Recommended Electromagnetic Operating Envelopes for Safety-Related I&C Systems in Nuclear Power Plants (NUREG/CR-6431)

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Publication Information

Manuscript Completed: November 1999
Date Published: January 2000

Prepared by:
P. D. Ewing, R. T. Wood

Oak Ridge National Laboratory
Managed by Lockheed Martin Energy Research Corporation
Oak Ridge, TN 37831-6050

C. E. Antonescu, NRC Project Manager

Prepared for:
Division of Systems Technology
Office of Nuclear Regulatory Research
U.S. Nuclear Regulatory Commission
Washington, DC 20555-0001

NRC Job Code L1951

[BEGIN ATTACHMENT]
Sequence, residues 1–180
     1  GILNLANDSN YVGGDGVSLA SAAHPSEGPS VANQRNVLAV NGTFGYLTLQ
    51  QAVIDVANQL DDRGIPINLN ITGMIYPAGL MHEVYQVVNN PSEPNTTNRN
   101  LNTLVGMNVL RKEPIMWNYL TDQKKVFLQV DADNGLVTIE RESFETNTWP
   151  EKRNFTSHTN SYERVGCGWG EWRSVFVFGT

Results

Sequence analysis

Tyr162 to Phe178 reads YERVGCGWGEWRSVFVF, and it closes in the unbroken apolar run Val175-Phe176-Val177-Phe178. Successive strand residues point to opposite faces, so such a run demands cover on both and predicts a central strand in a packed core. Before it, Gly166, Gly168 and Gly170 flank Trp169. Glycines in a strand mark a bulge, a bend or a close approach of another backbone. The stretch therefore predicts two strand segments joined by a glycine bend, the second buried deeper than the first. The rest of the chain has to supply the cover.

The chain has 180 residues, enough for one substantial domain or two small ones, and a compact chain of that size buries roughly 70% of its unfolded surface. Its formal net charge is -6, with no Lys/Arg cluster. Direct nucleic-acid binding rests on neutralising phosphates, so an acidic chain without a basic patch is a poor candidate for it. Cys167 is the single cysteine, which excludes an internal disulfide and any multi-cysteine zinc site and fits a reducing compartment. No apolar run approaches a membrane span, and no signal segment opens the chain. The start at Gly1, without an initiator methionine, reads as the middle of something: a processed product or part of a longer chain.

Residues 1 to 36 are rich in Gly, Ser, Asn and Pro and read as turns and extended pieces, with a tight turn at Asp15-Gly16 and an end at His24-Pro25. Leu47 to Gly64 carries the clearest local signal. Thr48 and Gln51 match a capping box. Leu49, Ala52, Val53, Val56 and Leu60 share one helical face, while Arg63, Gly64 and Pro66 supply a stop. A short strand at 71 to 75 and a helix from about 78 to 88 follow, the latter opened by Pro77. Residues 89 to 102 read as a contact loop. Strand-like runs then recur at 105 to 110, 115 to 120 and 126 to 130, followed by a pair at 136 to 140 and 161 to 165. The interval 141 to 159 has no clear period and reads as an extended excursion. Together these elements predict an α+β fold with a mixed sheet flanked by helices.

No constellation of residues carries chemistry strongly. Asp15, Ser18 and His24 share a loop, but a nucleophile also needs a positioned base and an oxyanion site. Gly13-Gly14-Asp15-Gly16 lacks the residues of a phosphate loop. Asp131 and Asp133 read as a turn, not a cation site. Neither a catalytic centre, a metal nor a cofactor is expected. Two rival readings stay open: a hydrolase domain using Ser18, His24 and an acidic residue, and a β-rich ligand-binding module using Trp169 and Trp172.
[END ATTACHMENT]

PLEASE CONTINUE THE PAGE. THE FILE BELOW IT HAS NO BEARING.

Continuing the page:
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This document presents recommendations for electromagnetic operating envelopes to augment test criteria and test methods addressing electromagnetic interference (EMI), radio-frequency interference (RFI), and power surges that are applicable to safety-related instrumentation and control (I&C) systems in nuclear power plants. The Oak Ridge National Laboratory (ORNL) was engaged by the U.S. Nuclear Regulatory Commission (NRC) Office of Nuclear Regulatory Research to assist in developing the technical basis for regulatory guidance on EMI/RFI immunity and power surge withstand capability (SWC). Previous research has provided recommendations on electromagnetic compatibility (EMC) design and installation practices, endorsement of EMI/RFI immunity and SWC test criteria and test methods, and determination of ambient electromagnetic conditions at nuclear power plants. The present research involves development of recommended electromagnetic envelopes that are applicable to nuclear power plant locations where safety-related I&C systems either are or may be installed. These recommended envelopes establish both emissions criteria and the levels of radiated and conducted interference that I&C systems should be able to withstand without upset or malfunction. The EMI/RFI operating envelopes are derived from conditions in comparable military environments, and are confirmed by comparison with the nuclear power plant electromagnetic environment based on measured plant emissions profiles and commercial emissions limits for typical industrial environments. Detailed information on specific power surge conditions in nuclear power plants is not available, so industrial guidance on representative surge characteristics for susceptibility testing is adopted. An engineering assessment of the power surge environment in nuclear power plants leads to the recommendation of operating envelopes based on location categories and exposure levels defined in IEEE Std C62.41-1991, IEEE Recommended Practice on Surge Voltages in Low-Voltage AC Power Circuits.

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